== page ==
There's an argument that maybe you give a younger player the opportunity to tag along with the team over the year to gain some seasoning, but how many young players can you remember who benefited from sitting on the bench in their twenties? Did Derek Bell really learn anything from those great Blue Jays teams?

But this is mice nuts. So tiny as to be insignificant, and not worth any sort of angst. I doubt that any of us will look back upon the 2013 season with any amount of dread for this signing. Though I suppose I'd have said the same thing of Omar Vizquel last year.

Sunday, January 6, 2013

Hockey Is Back, And Maybe We Should Care Or Maybe Not

Addendum after posting: The Org Wife points out that in this photo, the umpire looks a lot like Joe Paterno. I don't know if it's him, but if so, my inclusion of him was unintentional. I just liked the shot of Gretzky playing baseball.

I used to be an enormous hockey fan.  Or to be more accurate, I was at least an enormous fan of my favourite NHL and major junior teams.  But nearly a year ago, I posted a piece about how getting older seemed to have made me a bigger fan of baseball than I was of other sports like hockey.  As an Edmonton Oilers fan, I had a rejuvenation of interest in the sport in the wake of their amazing 2006 playoff run, but since then, the game and I grew apart somewhat (I blame Ty Conklin).  The space between us got even wider as the NHL lockout  killed off the better part of the 2012-13 season.

Unless you've been living in your tool shed with no television or internet access, you'll know the heretofore-intractable labour dispute between the NHL and its Players' Association came to an end this weekend.  It was the first news that greeted me when I woke up this morning, and even after wall-to-wall media coverage since, my reaction hasn't changed a great deal from when I heard it:  stoic indifference.  Everyone sort of knew a resolution was coming soon.  The fact it came Saturday night/Sunday morning didn't put an exclamation point on the proceedings.  Not much really changed for me, although I realize I'm probably in the minority of Canadian sports fans in that regard.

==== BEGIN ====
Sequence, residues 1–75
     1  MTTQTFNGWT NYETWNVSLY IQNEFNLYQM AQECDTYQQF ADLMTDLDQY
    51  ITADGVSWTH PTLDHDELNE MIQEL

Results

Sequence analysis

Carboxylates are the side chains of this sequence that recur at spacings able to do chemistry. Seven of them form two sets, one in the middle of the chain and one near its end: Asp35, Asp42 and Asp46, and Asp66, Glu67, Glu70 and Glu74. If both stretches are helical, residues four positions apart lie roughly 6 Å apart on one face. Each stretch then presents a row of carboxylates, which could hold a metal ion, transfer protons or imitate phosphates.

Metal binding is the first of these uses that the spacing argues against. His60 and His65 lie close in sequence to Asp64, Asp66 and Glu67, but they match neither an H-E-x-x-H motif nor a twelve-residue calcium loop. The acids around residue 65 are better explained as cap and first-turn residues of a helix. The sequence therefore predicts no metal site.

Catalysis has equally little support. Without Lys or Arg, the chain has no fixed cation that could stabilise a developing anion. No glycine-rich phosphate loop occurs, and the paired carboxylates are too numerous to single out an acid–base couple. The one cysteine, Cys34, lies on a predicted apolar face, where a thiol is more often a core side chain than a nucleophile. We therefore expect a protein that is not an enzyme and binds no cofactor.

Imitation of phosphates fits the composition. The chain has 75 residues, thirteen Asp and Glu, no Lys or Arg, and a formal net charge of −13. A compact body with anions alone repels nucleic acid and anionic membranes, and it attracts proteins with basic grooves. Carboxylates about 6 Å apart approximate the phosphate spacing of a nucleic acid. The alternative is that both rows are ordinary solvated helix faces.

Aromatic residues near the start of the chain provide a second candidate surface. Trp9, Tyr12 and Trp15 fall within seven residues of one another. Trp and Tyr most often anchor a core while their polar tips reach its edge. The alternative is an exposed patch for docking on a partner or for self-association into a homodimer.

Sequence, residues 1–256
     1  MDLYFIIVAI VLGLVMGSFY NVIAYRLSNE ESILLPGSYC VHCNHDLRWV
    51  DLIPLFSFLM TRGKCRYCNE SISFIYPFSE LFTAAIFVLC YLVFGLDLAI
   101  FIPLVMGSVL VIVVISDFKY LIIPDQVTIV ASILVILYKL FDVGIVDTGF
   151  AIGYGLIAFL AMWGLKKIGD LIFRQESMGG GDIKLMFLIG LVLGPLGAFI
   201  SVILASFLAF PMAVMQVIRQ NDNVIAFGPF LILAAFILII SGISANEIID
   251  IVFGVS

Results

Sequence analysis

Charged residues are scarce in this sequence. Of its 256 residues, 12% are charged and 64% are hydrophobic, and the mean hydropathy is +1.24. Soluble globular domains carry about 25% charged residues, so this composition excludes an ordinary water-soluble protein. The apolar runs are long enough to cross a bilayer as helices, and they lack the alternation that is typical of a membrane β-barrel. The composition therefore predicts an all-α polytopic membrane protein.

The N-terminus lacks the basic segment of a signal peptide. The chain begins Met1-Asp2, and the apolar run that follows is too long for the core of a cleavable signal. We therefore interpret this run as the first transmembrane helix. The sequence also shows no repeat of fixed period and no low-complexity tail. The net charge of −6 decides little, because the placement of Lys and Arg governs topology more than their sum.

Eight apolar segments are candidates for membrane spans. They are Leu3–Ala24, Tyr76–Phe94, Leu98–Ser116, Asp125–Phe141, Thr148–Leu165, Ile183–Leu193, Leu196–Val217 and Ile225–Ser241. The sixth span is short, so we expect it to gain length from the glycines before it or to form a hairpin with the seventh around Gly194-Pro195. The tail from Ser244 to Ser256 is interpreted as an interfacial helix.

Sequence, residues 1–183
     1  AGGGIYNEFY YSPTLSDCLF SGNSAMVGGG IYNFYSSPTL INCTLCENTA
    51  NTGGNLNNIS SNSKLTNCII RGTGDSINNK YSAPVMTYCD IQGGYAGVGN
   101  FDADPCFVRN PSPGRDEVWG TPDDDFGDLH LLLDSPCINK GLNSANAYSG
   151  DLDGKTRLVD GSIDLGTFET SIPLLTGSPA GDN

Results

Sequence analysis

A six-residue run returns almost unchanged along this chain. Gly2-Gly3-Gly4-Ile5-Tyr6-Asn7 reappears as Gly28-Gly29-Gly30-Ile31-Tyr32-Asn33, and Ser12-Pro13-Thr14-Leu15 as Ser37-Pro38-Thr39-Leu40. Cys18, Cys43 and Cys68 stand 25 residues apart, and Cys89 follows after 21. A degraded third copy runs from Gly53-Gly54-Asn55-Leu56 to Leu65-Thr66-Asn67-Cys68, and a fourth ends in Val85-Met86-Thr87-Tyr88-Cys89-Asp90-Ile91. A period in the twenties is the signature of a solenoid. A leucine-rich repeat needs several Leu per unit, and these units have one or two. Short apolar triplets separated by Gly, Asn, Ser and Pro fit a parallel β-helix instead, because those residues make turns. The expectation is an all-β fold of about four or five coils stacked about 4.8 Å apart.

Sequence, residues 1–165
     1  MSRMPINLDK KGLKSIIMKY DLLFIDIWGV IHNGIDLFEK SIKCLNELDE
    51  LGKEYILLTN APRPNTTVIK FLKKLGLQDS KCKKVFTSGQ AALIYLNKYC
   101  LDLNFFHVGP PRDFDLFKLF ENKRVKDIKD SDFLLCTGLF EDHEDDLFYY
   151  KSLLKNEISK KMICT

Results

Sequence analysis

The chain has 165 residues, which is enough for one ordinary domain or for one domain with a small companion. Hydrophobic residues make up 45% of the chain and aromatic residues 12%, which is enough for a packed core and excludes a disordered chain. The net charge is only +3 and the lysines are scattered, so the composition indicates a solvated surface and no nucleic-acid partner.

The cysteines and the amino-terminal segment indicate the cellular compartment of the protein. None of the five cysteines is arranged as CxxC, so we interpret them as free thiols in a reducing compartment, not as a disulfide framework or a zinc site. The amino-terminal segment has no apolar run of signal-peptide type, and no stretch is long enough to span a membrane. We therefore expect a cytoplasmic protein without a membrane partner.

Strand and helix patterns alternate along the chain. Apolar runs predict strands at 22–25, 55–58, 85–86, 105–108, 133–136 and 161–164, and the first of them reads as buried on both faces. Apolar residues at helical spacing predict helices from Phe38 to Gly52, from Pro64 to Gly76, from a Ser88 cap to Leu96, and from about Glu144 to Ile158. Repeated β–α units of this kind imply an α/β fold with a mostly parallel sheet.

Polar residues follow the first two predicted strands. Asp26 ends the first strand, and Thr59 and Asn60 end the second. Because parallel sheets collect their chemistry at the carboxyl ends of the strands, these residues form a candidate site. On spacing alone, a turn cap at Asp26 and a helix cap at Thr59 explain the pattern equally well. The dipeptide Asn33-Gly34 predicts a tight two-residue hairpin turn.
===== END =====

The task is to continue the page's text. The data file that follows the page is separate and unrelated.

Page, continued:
Now, you might be asking: why is he mentioning all this on what is ostensibly a baseball blog about the Toronto Blue Jays?  Well, it's not like nothing has changed.  For the first time in I don't know how long -- 20 years, I guess? -- the Toronto Blue Jays were the most compelling story in the Canadian sports scene in the months of October, November and December.  Great things were happening with my favourite baseball team, and with the hockey media milling around the lobbies of New York hotels writing stories about make-whole provisions and disclaimers of interest, people were noticing the Jays. It was fun to feel special for a while.

The state of play today, in terms of media exposure and fan interest for the Jays, is different than it was yesterday now that the lockout has been resolved (and to a lesser extent, with the NFL playoffs underway).  Even with the game-changing moves the team has made this off-season, they face stiff competition for eyes, ears and dollars from a finite pool.  Even if you believe the odd rumblings from fans saying they won't come back -- and no doubt, the NHL has some relationship-mending to do with its fans -- I firmly believe Canadian support isn't going to see a substantial downturn.  Hockey will always be king of the Canadian castle in the competition for sports fans here.

I don't mean to be a Negative Nancy here.  To the extent we can measure these things or have access to data on them at all, the Jays are going in the right direction in terms of fan interest, ticket sales, TV ratings and revenue.  Anecdotally, I can go back to my experience when the team barnstormed through Ottawa last winter and know that interest and support for the team, and for baseball in general, is alive and well here.  Today, 12 months later, you can look up the Twitter timeline of our old friend The Ack in Winnipeg to see that the story is playing out similarly on the frozen prairies this weekend -- big lineups, lots of young and old fans.

The people heading to shopping malls to meet Jose Bautista and other Jays aren't all just looky-loos, and they're not all hardcore fans either.  Regardless of their dedication level, the trick now is to keep them and add more in the face of stiffened competition -- and with the off-season they've had, this team is going in the right direction to do that too.

Squibbers Up The Line